Grand Delusions

Eddie Murphy finds comedy and pathos in this Blaxploitation biopic

Film | by Jorge Ignacio Castillo

Dolemite Is My Name
Netflix (Starts Oct. 25)

3 out of 5

Odds are most of the reviews of Dolemite Is My Name will include the tried-and-true line “return to form” to describe star Eddie Murphy. This is both accurate, and an oversimplification. For the best part of a decade, Murphy hasn’t been that active, so it’s not like he’s been in a bunch of bombs.

The hyperbole also fails to describe Dolemite Is My Name properly. It’s not a great film — more on par with one of Murphy’s lesser known hits Bowfinger (1999). Fun, but forgettable.

Dolemite Is My Name is based on the true-life story of Rudy Ray Moore, the godfather of rap and Blaxploitation icon. Moore started as a hard-luck performer who earned the tag Harlem Hillbilly for singing country songs r&b style. Later, he worked clubs reciting raunchy limericks (inspired by the idea of “playing the Dozens”) about pimps, prostitutes and hustlers before becoming aware of the next shiny thing: film.

Without knowing a lick about filmmaking, Moore bet the farm on a movie containing all his obsessions: comedy, kung-fu, profanity and resisting authority.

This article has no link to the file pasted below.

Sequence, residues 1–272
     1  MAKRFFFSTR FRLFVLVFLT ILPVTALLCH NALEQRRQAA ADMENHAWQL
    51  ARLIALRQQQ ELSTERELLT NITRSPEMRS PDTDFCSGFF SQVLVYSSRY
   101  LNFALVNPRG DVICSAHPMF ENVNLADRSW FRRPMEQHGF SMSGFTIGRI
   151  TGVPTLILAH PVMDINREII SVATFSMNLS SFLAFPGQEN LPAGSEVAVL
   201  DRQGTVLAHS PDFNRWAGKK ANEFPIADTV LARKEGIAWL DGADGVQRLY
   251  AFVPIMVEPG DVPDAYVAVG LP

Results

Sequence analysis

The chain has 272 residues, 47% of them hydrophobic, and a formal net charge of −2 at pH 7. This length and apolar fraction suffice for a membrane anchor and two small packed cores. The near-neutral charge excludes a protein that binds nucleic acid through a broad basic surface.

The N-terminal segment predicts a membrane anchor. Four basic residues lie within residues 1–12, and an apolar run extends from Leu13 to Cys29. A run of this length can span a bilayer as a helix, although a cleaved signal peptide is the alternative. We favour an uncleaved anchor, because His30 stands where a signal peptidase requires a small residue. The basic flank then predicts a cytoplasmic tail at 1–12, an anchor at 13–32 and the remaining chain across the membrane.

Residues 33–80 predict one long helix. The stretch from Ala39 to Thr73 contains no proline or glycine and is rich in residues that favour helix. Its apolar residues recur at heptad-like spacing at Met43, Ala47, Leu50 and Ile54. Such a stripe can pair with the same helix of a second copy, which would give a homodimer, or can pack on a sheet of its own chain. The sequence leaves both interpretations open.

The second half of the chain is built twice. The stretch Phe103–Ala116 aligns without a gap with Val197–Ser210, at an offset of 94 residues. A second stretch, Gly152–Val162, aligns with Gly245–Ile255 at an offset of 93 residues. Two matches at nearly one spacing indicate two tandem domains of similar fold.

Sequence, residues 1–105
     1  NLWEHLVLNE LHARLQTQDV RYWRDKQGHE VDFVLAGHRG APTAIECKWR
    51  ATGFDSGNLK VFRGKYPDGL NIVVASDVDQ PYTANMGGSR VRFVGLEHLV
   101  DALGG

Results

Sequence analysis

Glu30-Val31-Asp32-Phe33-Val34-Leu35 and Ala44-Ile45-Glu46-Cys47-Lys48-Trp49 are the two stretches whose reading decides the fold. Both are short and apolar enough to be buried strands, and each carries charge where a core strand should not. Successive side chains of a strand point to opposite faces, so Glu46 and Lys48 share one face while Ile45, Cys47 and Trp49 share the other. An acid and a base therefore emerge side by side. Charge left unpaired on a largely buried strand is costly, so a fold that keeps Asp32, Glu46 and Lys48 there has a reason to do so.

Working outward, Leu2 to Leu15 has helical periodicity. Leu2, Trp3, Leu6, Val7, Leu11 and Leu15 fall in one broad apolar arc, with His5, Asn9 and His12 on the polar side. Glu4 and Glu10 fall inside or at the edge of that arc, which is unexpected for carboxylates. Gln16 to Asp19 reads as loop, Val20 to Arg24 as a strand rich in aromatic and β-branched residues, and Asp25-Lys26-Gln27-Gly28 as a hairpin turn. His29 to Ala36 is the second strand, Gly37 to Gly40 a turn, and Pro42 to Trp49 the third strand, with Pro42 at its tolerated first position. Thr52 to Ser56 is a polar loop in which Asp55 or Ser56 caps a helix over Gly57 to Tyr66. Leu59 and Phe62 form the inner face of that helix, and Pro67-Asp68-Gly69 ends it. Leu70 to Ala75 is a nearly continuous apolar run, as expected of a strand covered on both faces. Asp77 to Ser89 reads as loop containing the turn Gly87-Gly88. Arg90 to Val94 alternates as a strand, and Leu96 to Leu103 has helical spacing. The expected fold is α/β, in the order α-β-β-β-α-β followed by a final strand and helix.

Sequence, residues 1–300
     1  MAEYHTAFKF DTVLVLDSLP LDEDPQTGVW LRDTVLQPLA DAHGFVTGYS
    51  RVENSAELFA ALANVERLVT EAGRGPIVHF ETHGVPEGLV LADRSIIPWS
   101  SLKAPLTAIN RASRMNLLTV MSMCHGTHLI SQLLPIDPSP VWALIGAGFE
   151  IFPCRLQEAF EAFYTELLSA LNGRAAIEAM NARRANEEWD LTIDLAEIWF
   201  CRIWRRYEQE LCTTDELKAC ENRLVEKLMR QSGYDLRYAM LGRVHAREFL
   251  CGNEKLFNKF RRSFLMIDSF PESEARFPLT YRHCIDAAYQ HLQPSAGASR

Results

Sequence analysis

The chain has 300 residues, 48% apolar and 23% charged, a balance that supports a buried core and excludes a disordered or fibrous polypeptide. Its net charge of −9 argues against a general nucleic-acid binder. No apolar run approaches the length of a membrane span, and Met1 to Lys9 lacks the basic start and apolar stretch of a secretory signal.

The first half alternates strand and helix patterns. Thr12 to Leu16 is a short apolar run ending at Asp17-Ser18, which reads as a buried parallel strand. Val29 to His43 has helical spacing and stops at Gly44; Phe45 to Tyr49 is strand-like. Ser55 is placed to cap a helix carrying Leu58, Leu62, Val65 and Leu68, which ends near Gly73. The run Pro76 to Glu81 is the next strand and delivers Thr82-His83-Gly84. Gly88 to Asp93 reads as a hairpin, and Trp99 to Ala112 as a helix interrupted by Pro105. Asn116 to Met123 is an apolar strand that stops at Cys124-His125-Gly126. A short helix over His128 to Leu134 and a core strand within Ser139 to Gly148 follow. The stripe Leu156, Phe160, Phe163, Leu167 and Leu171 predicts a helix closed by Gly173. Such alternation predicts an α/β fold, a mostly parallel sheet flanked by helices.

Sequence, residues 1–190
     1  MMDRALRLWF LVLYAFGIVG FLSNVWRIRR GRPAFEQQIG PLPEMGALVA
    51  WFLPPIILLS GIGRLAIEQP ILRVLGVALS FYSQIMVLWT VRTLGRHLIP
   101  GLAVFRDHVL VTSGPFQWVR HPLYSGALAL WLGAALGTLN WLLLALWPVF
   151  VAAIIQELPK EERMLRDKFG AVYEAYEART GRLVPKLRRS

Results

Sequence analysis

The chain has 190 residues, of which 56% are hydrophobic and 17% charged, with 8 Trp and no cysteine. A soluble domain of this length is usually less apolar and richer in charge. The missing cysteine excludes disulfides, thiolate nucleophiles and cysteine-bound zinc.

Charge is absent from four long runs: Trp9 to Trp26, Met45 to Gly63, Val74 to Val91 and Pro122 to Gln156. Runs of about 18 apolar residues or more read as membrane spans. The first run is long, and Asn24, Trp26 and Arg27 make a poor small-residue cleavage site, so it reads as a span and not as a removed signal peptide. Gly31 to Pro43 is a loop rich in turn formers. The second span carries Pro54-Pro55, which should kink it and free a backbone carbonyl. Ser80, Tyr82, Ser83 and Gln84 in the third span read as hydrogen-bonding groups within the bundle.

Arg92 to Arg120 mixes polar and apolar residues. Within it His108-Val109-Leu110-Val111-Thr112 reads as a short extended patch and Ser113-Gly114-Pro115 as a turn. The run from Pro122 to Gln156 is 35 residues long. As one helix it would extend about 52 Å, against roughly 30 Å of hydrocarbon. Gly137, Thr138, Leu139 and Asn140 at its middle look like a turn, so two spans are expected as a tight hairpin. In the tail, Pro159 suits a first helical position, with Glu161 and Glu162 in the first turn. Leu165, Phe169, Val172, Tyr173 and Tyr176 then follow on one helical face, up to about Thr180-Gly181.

Moore couldn’t afford a professional crew, so he went with film students. That should resonate with anyone who’s dabbled in independent cinema, and it’s the main source of laughs in the film. As actor-turned-director D’Urville Martin, Wesley Snipes reminds us why we once paid first-run ticket prices to see him in theatres.

While Dolemite Is My Name is indisputably a comedy, Eddie Murphy and director Craig Brewer (Hustle & Flow) keep the story grounded in reality. This reins in the laughs a bit, but makes the characters more relatable. Rudy Ray Moore is scrappy, and not without talent. But his permanent dissatisfaction prevents him from enjoying his success. Mind you, who wouldn’t have a chip on their shoulder in his circumstances?

In the hands of Brewer and Murphy, Moore is depicted as coarse, but lovable — and not terribly progressive on the treatment of women. But then, that’s period accurate.